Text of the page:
She was and is a meticulous seamstress out of love for it, but was a frugal sewer out of necessity. Sales at Fabricland were cause for celebration and always had an air of festivity to them. I remember getting lost in the bolts, in that new-fabric smell. The sparkle in her eyes when the new season of fabrics came in. And her hands, weighing notions, considering them, like fine jewels at a bazaar.

I remember the sound of her scissors on the dining room table as she cut out patterns, and I understand her concentration now. She rocked us to sleep with the sound of her sewing machine. We used to get mad when it interfered with the t.v. "Just one more seam!" we would hear from the other room....

My Mom is still very young, but she's had early-onset macular degeneration for a while now, which means that the centre of her vision is blurry. She still sews, but not as furiously as she once did. There's a lot that she's passed on to me that came in the disguise of sewing; that quality is important because it lasts and so brings more pleasure, that time put in equals the quality of the product at the end, that good materials make good, that clever shortcuts are worth their weight in gold but the most valuable ones are the ones you figure out for yourself, practice really does make perfect, and that someone will look at how your seams are finished....

I can't do her justice, and there's so much more, but I'll leave it at:

Happy Birthday, Mom....I love you.

Tuesday, 19 February 2008

The Little Things

Many times at the end of a day, there is a story or an idea or a project to share that's been percolating in my brain all day, and it comes out, practically fully-formed. It would be a good habit, I think, in the quiet of the night to go back over the day, kind of like when you came home from school and a parent would say "so, what did you learn today?"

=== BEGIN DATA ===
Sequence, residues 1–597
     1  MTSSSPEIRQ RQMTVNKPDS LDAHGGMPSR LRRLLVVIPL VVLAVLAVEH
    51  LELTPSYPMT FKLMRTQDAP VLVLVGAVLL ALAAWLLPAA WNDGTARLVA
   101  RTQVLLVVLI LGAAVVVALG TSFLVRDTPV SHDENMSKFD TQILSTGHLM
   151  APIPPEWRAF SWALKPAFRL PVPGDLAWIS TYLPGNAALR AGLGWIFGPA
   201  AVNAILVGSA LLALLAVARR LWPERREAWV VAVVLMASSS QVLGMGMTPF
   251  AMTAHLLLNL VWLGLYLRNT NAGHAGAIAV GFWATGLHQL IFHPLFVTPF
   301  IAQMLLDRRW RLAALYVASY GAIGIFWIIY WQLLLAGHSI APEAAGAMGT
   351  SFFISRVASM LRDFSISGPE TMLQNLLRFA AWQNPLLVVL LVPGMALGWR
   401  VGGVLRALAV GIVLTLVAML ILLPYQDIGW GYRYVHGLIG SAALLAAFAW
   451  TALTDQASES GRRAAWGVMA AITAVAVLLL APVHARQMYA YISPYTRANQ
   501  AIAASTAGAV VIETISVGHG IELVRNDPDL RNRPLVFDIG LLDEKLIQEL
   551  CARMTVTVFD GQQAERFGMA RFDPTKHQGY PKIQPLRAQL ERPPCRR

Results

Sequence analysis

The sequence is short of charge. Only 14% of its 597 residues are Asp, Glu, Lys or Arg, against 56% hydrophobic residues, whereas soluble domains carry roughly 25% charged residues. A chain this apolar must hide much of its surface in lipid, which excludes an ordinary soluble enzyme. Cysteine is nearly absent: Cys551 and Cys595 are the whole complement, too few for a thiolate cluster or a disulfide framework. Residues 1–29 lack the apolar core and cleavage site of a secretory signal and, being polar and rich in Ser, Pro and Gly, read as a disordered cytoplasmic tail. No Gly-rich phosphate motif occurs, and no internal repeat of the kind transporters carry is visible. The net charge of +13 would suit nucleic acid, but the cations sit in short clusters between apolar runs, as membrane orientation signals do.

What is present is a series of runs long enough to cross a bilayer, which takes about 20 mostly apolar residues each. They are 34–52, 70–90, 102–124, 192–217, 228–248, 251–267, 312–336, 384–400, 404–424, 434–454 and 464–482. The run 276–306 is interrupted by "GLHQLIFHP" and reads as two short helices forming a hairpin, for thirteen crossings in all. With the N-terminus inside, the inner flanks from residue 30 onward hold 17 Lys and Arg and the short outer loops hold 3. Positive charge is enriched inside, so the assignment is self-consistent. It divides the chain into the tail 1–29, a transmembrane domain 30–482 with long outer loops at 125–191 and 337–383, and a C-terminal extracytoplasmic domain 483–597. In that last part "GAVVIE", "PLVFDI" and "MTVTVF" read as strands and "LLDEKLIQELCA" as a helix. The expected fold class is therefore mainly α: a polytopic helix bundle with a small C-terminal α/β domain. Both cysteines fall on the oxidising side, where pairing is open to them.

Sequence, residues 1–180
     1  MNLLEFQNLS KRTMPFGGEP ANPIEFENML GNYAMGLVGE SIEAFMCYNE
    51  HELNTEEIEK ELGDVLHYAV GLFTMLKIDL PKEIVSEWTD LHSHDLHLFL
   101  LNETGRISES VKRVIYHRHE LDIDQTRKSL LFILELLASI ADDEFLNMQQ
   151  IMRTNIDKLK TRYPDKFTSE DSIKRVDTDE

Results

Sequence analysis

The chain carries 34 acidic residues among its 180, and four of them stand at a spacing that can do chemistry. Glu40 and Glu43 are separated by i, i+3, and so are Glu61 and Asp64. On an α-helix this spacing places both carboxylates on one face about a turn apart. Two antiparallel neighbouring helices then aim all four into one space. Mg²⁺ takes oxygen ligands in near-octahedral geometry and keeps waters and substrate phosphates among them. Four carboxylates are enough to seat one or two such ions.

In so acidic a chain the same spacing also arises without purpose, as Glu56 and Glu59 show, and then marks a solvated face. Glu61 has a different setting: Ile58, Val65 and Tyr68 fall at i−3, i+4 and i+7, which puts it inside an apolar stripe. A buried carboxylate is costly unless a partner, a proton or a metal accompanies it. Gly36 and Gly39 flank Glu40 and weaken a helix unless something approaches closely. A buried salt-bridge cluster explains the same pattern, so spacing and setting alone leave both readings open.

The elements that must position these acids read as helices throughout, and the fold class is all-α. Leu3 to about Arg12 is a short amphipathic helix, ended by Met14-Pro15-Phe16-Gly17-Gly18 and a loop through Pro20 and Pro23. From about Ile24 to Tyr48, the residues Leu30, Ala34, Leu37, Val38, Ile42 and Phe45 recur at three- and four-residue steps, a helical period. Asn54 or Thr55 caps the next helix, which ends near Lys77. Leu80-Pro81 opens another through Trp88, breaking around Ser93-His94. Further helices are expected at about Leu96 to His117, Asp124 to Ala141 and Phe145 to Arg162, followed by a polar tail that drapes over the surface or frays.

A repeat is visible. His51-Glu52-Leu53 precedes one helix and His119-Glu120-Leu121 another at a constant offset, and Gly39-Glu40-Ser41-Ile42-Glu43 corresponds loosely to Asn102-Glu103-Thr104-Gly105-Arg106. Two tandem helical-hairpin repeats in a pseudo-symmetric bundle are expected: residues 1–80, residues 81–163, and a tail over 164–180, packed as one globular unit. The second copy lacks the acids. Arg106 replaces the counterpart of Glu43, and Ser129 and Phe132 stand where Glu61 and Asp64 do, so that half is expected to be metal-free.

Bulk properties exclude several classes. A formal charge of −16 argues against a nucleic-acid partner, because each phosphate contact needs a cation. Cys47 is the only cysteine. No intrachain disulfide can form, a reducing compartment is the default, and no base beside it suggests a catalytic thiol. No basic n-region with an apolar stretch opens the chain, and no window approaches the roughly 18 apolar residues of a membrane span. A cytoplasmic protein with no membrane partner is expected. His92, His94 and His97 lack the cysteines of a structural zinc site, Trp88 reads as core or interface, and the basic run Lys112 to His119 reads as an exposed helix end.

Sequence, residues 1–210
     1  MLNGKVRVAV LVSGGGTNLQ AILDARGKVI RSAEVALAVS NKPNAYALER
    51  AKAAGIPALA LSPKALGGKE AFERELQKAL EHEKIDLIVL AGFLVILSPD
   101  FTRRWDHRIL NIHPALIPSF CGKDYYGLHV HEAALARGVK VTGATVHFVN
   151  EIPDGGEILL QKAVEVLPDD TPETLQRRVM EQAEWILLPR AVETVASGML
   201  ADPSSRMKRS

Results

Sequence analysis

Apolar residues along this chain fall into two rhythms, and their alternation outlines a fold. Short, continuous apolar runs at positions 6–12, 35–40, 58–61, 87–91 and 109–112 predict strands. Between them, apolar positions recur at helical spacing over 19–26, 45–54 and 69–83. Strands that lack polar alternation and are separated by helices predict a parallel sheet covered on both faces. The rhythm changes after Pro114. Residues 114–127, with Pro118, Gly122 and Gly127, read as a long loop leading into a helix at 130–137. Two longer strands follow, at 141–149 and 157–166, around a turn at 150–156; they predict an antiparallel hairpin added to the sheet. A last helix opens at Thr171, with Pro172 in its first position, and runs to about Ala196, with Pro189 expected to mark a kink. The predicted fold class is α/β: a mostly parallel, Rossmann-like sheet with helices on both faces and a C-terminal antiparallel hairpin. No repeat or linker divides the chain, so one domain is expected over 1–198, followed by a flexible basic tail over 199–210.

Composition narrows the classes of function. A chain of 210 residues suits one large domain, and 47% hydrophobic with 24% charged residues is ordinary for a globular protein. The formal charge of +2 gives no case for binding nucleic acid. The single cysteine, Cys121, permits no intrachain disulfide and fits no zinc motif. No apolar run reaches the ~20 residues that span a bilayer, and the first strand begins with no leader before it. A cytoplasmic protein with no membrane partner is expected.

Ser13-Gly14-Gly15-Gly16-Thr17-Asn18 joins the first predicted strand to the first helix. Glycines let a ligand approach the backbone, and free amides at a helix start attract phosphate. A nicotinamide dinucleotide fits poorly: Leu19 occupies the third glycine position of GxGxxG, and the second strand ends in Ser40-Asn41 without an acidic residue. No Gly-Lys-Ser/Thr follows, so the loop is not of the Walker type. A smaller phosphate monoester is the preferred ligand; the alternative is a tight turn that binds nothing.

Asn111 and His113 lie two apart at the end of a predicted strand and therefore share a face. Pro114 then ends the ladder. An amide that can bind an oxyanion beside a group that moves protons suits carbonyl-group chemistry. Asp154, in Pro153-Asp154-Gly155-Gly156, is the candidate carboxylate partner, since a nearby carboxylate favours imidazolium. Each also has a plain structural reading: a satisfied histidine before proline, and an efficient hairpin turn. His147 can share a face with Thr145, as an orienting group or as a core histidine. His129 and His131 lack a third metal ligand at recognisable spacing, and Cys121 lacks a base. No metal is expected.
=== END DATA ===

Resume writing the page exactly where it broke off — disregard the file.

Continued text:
Today. A good day. Safiya-chatter at breakfast, a trip to Value Village where we did not overspend time, valiantly trying to get her new bicycle home in the bundle-buggy on the ice after said trip, she feeding her dragons snippets of felt as I worked, the rhythm of the shears and the resistance of the felt, the smell of Vicks in steaming water as Mr. S. tries to dispel a head-cold in its vapours, discovering that I like to bake bread in the evening instead of the morning, and discovering that eating dark chocolate with homemade gingerale that is warm because the ginger tea hasn't cooled down enough is the best combination ever.

Little moments that catch you laughing, because it's always when you least expect it:

Well, it's not math or geography, but it'll do...

Friday, 15 February 2008

Seven Things

Eek! I've been tagged by the cool cat Becky of Sweetie Pie Press. And in honour of her bravery at posting a picture from childhood at the top of her seven things, I've dug out the above (not quite sure that's proper grammar...). So here are seven things, random but perhaps not so weird...and speaking of childhood:

1. never saw shapes in clouds or had an imaginary friend or believed in fairies (yes, i know they're dropping dead all over the place now - quick! ring some bells or something - clap your hands!...)

2. was enamoured of Christopher Plummer when I was a girl, due entirely to The Sound of Music...

3. can recite, at length (and, if you ask Mr. S. ad nauseum), my favourite childhood movie: The Princess Bride

4. i still have paper from a titration experiment in highschool, which i kept because i liked the colours. which tells you about my attitude towards chemistry... and colours :-)

5. have Gordon Korman's autograph